As mindful parents, Kira and I strive to teach our children the value of a dollar, as it were. Carver earned some money early in the week and then received a generous gift for Valentine’s Day of some more cash, and the kids all needed an outing, so we took a trip to the thrift store – always a treasure trove.
Carver purchased a stuffed bunny toy, and after we were home, Kira found it and asked whose it was. Carver proudly announced that it was his, adding, “I wasted my money on it!”
With some clarification, it became apparent that he had meant to say he had spent his money on it.
In other news, all three boys have had the stuffiest noses we’ve seen in some time. We are blowing (no pun intended) through our bulk-purchased facial tissue stockpile like there’s no tomorrow. Fortunately, there are no other symptoms adding to their discomfort, so Kira and I get awoken only a little more than usual each night (which is still considerable). I suppose one can’t spell “Illinois” without “ill.”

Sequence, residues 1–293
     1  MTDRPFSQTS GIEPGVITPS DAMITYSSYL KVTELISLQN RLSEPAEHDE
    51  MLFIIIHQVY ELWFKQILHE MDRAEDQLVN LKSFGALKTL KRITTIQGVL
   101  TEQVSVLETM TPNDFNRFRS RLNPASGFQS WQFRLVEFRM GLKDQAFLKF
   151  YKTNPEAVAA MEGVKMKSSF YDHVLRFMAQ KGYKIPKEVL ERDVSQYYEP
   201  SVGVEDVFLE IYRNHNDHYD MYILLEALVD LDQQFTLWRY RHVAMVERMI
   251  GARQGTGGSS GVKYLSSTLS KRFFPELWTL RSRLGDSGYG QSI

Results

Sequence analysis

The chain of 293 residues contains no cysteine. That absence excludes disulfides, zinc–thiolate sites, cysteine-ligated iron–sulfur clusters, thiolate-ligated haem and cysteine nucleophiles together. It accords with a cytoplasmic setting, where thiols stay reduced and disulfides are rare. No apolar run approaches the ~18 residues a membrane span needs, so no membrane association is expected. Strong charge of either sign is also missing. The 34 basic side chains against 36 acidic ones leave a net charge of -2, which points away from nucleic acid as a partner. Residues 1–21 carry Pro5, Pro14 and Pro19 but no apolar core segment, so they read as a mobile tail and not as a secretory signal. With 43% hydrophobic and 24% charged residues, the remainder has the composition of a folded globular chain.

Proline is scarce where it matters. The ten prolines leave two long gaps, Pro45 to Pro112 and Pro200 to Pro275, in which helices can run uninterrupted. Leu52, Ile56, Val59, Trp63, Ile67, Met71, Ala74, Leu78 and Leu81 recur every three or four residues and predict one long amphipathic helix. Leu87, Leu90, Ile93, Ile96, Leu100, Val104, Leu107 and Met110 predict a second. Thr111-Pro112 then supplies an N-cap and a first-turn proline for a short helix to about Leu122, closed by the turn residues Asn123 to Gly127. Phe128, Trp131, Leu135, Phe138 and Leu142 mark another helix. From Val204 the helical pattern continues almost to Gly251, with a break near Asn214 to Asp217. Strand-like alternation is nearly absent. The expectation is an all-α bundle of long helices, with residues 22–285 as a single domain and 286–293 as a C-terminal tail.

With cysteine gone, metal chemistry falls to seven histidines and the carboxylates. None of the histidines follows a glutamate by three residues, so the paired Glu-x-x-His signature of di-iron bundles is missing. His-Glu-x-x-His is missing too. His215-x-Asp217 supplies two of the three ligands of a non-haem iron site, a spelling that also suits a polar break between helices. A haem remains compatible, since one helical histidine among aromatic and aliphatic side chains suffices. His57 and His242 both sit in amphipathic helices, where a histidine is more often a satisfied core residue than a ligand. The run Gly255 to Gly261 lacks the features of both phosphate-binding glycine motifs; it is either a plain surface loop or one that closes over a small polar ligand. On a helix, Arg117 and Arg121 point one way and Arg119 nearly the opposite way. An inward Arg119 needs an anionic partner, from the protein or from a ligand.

Merritt is growing bored with his usual spots to explore, so he is making it more difficult for us to open any access to restricted areas. Any time someone opens the refrigerator, he makes a beeline for it, desperate to get a peek and maybe slap a little hand on the pickle jar, if just for a moment. He maintains a fascination with Avey’s room especially, as it is sealed off from just about everyone in the world. When he sees her door open, he cautiously and quietly moves toward it, keeping an eye out for Avey, like a mouse moving toward an unprotected piece of cheese, keeping watch for the cat. Sometimes he gets a foot or two in before she snatches him up, so her room remains the final frontier.
Avey’s constant chatter about all things Star Wars has infected Carver, so the two of them watched Episode I this week. Maybe now they will have something over which they can bond instead of just video games.
Avey finished her after-school art class, so now she will need to find new ways to avoid arguing with her brothers.
Hakan is still preoccupied with his super hero toys, constantly asking for me to do their voices. Maybe he just needs some coaching in sound effects. He also loves being chased around, and riding on my back. Both of those activities require energy: a commodity in short supply, so we do our best. Why can’t our kids ever ask if we would like a back scratch or something?